Ethan Sherwood Strauss, Warriors World: Under. Much like Kobe's bite after big shots, this is a strong under. As Bryant and Pau Gasol exit their primes, the Lakers will tote less spackling to cover up for what they lack at point guard and small forward. Where is the new talent coming from? Don't say "Bynum," because his knees are made from that spackling. And if you say "Dwight," that's more a hope than a promise.
2. Over/Under: One more full season in Phoenix for Steve Nash.
J.A. Adande, ESPN.com: Under. Mainly because I don't think there will be a full season in this, the final year of his contract. I don't think they'll trade him; he'll leave as a free agent after next season.
Jordan Heimer, ClipperBlog: Under. One of the lockout's residual effects is a stacked 2012 draft. It's true that cost-conscious (read: cheap) owner Robert Sarver has been reluctant to trade Nash, the one draw on an uninspiring team. But Sarver must recognize that nothing depresses a fan base like a team with no discernible plan to contend -- Nash is gone if the Suns can find an offer that includes a lottery pick.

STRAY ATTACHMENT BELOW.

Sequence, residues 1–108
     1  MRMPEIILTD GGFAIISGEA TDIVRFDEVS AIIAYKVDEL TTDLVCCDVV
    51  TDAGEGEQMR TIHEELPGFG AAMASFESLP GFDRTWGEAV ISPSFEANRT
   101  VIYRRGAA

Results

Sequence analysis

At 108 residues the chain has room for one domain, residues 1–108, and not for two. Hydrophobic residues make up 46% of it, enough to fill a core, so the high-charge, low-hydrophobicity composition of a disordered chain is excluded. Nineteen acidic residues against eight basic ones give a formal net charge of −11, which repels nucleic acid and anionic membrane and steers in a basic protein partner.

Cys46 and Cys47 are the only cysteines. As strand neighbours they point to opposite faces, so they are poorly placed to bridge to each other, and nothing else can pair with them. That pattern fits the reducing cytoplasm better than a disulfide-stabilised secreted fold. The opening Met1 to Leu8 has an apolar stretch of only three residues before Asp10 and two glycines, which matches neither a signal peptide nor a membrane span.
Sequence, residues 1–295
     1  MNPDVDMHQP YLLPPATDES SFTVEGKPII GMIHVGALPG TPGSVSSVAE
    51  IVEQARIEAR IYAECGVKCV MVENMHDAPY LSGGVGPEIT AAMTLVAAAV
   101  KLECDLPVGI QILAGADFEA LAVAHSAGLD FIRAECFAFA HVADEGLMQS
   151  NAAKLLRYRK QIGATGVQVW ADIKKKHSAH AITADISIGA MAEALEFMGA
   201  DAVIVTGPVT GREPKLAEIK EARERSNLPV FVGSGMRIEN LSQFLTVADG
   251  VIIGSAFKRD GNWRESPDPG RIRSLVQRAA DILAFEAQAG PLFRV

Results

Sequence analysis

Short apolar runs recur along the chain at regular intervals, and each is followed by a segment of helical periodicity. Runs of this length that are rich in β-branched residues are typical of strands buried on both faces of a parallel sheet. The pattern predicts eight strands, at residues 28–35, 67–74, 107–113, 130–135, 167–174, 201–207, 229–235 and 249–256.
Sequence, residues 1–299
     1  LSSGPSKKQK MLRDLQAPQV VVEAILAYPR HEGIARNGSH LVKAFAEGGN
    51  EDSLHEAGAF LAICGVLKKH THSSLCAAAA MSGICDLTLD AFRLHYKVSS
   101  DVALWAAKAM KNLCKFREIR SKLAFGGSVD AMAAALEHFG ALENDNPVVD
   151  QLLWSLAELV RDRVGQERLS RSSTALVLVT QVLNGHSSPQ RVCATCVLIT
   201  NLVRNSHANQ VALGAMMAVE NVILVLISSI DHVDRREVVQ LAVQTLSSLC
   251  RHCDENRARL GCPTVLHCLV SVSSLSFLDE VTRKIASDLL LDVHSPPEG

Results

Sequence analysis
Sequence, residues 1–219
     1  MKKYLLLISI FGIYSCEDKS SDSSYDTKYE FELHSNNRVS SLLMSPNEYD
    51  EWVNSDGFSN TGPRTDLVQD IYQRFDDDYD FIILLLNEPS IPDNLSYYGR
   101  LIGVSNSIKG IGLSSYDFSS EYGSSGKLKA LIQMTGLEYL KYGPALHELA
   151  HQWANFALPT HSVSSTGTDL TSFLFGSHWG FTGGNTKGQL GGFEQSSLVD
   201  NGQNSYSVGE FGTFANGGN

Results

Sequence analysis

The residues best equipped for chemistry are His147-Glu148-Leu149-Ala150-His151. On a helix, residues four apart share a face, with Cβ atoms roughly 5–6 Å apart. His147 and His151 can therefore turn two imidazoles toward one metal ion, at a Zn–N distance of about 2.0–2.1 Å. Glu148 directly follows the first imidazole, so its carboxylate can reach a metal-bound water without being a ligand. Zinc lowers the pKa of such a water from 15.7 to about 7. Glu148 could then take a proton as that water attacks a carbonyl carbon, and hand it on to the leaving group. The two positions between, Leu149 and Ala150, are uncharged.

Jonathan Santiago, Cowbell Kingdom: Under. This is probably the year the Suns seriously look at trade offers for Nash. Although I think he's capable of playing at a high level until he's 40 years old, his value only declines as time goes on. Sell while it's still relatively high.
Michael Schwartz, Valley of the Suns: Over. Suns president Lon Babby has repeated the mantra "We are not trading Steve Nash" so many times that he has considered making a recording for reporters to play whenever this topic comes up. A terrible first half could make the Suns change their tune, but they have given no inclination of any desire to part with their franchise player.